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Posts Tagged ‘fireworks’

I have never made a New Year’s Resolutions.  I figure, if I cannot get myself to do “whatever it is” during the year, then I am not going to follow through just because it is January 1st.  I have not even gone to a New Years Eve party in many years and I rather miss doing so. 

One of my grand nephews posted his New Year’s resolutions the other day and it made me wonder about New Year’s traditions.  Like most research, you never learn just one thing, when you start digging. 

Did you know?:

That, Auld Lang Syne is actually a Scottish song and is totally unreadable in English for me.  I really like Hamish Macbeth and Bagpipes and the landscape of Scotland and the lilt in their speech.  I just cannot always understand it.  Thanks to poet, Robert Burns, who wrote it, and Guy Lombardo, who first played it in 1929, we have a tradition that makes us feel, on January 1st, like we are part of something greater, as people all over  (okay, in your time zone anyway) sing the same song, at the same time, just with the wrong lyrics.  Sort of like our National Anthem, eh?  Check the link at the bottom of this post to view the proper lyrics.

That, Scotland is also the birthplace of Hogmanay (hog-mah-NAY).  This is a “rousing” Scottish tradition of “first-footing.”  Okay, when did the Scottish ever do anything that was n0t rousing?  That is why I love them so.  “First-footing” is when neighbors visit each other for New Year’s wishes.  They bring a gift of coal for the fire (which would be really welcome this year) and shortbread (which, I have had honest-to-goodness Scottish Shortbread and it is good).  It is sort of like our bottle of booze and cookies, which would be equally welcome.  The part I like is that it is considered especially lucky if a tall, dark and handsome man is the first person to enter your house after the New Year is rung.  Hmmmm, Viggo Mortensen, I will be waiting.  (HAH!  Betcha thought I could not figure a way to get him in for New Years?)

 On to Japan: As a symbol of renewal, New Years is a very important holidame to bid farewell to the problems of the past and prepare for a new beginning, and houses are scrubbed, with this in mind.  For several years now, I have said to myself “Whew! That year is done.  It’s gotta get better, next year.”  Now, I know where my problem lies.  This New Year’s day will find me elbow deep in soapy water.  I am working on a good new year.

Then, in Spain, they eat twelve grapes at midnight.  This secures twelve happy months.  So, I will be scrubbing with grapes in my mouth. 

In my Ancestral homeland of the Netherlands, at least the Dutch part, they burn their Christmas trees and shoots off fireworks to purge the old and welcome the new.  Since husband is allergic to what they put on fir trees, I have a plastic one.  Oh, the shame and totally non-burnable, so can I just burn the wood that is down from the tornado?  I am hedging all bets here.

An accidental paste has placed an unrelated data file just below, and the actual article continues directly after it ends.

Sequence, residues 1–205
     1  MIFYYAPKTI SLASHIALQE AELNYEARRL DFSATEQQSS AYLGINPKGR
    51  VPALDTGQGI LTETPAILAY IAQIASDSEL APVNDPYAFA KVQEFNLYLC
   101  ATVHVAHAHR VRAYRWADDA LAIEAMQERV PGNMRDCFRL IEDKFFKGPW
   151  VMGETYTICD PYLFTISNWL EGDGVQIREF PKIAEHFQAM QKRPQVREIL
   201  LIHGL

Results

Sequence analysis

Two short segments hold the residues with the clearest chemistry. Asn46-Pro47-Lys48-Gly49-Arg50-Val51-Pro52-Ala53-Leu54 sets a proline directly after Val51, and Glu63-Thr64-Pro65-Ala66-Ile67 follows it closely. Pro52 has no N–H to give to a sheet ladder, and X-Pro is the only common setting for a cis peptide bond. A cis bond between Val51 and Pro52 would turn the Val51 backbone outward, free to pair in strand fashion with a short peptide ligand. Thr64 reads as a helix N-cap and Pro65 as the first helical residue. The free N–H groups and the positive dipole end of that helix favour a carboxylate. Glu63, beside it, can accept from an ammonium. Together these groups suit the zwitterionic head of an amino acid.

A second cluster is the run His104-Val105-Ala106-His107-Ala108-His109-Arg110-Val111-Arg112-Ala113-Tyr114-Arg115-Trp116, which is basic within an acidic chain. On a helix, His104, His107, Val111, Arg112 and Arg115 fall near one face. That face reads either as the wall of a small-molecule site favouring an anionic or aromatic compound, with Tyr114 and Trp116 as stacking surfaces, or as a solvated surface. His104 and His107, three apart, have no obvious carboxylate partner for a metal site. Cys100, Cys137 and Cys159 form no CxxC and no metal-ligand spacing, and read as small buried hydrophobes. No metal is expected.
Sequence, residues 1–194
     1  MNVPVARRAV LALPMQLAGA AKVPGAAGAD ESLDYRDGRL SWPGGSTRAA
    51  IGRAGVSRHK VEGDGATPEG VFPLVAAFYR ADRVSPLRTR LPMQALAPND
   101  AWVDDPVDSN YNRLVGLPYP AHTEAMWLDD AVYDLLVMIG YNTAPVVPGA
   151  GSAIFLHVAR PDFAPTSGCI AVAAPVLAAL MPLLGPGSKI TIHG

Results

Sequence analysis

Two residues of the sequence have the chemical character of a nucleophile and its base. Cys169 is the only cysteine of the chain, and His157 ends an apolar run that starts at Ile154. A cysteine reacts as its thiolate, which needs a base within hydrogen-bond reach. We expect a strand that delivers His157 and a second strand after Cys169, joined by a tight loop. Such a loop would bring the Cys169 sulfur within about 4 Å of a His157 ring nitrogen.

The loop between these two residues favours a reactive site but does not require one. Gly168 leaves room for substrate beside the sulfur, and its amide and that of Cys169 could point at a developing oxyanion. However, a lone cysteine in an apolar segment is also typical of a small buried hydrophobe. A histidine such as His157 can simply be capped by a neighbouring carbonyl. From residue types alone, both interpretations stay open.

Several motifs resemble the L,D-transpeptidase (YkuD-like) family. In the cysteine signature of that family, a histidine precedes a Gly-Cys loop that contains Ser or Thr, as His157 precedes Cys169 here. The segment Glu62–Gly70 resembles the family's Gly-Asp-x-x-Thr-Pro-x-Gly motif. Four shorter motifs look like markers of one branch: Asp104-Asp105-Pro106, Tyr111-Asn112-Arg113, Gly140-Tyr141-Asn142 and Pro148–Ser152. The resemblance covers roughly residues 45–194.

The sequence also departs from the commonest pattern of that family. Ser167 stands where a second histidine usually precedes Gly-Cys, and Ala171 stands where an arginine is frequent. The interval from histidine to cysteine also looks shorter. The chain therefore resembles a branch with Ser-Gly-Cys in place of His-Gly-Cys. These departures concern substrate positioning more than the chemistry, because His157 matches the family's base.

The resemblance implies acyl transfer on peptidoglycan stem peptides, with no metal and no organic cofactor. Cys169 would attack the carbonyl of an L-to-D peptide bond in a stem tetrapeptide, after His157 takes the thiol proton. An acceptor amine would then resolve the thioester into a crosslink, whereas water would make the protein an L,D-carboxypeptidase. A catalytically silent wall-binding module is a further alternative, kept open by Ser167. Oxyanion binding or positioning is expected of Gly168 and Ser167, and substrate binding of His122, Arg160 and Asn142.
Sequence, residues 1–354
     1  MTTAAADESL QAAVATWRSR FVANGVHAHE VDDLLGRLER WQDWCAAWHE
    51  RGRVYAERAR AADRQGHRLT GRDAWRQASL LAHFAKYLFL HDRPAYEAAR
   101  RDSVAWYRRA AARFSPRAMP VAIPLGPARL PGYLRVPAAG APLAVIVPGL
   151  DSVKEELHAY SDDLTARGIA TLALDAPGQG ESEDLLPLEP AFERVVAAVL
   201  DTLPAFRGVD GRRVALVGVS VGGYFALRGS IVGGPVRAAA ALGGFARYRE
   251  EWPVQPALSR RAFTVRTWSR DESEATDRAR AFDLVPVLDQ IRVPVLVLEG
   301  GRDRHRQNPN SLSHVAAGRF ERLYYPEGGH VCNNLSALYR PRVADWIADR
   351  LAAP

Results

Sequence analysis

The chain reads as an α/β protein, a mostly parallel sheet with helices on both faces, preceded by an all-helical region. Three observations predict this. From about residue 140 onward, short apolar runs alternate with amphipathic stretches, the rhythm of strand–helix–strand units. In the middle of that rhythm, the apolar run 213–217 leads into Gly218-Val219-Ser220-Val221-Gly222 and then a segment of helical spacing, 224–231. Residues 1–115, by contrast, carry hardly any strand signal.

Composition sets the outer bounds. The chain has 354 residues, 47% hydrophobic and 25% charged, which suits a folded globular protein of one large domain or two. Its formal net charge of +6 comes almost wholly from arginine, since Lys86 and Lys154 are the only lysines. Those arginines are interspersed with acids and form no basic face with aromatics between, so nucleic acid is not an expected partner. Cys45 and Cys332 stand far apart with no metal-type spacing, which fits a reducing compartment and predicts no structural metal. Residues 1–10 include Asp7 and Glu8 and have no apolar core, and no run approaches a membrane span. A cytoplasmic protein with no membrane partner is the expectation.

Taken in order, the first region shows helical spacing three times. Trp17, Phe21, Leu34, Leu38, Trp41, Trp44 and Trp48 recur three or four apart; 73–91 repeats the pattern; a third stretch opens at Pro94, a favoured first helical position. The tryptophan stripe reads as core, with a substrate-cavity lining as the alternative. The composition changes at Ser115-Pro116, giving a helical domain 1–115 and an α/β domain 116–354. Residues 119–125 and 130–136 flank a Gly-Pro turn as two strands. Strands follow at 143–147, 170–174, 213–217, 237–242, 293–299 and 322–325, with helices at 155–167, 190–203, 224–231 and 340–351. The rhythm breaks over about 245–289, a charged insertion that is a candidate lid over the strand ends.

So, this year, as the New Year ball drops in Times square and millions of people in fancy clothing gather to swill their favorite drink , eat cookies, and sing Auld Lang Syne , I shall be down on my knees scrubbing the house and eating grapes and blacked eyed peas.  This is a traditional southern dish and ensures I will have plenty of everything the rest of the new year.

And, what about my New Year’s Resolutions?  Those items the Babylonians are believed to have first made and broken? 

If we just work at:

  • treating each other with respect
  • treating our world with respect
  • and treating ourselves with respect

How can we lose?

It’s the first time I have used infoplease New Year’s Traditions  check it out.

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My grandson

My grandson

I was devestated the year dad told me I was too big to see the Fourth of July fireworks. Fourth of July had always ranked right up there with Christmas and Easter. The awesome show in the sky was like a present to me.  I understand now though. When you get up early and work hard all day, driving to anything is the last thing you want to do.

My favorite fireworks were actually not on the fourth. They were in Chicago, for Venetian Night. I took my daughters and we stood on the bridge and watch the lighted boats pass by. I think it was the first year and they didn’t clear the bridges when the fireworks went off. There were waterfall fireworks on each side of every bridge and it was like being right in the middle of a display. Oh, I guess we were. Probably not the safest thing in the world, but it’s an experience I’m glad I had.